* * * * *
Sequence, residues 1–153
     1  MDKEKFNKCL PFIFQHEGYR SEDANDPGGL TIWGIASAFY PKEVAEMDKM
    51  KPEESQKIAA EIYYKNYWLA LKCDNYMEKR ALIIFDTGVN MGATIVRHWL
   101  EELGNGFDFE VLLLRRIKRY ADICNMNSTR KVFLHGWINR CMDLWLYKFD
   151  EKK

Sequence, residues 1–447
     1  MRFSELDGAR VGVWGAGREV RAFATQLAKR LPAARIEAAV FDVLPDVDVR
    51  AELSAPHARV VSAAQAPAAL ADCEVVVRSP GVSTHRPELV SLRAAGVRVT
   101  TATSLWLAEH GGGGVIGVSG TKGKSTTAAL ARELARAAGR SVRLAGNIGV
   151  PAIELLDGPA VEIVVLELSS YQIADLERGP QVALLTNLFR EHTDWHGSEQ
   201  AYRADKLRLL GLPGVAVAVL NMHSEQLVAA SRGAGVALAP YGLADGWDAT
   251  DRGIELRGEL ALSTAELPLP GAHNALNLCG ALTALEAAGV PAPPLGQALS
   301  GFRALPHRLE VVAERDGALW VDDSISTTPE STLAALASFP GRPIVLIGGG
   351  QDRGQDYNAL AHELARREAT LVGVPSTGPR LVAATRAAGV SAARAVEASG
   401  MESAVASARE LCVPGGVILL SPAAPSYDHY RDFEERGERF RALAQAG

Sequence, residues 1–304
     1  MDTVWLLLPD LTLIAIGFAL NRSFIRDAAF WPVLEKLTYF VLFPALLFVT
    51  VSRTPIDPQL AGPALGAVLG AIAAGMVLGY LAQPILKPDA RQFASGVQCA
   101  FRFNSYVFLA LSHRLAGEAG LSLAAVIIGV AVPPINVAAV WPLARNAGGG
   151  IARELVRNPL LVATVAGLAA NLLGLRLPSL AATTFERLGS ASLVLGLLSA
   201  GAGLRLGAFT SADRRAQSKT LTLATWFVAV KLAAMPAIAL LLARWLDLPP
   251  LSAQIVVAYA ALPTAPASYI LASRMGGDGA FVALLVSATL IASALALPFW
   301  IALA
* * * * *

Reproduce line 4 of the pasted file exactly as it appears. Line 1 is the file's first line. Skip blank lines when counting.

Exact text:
   101  EELGNGFDFE VLLLRRIKRY ADICNMNSTR KVFLHGWINR CMDLWLYKFD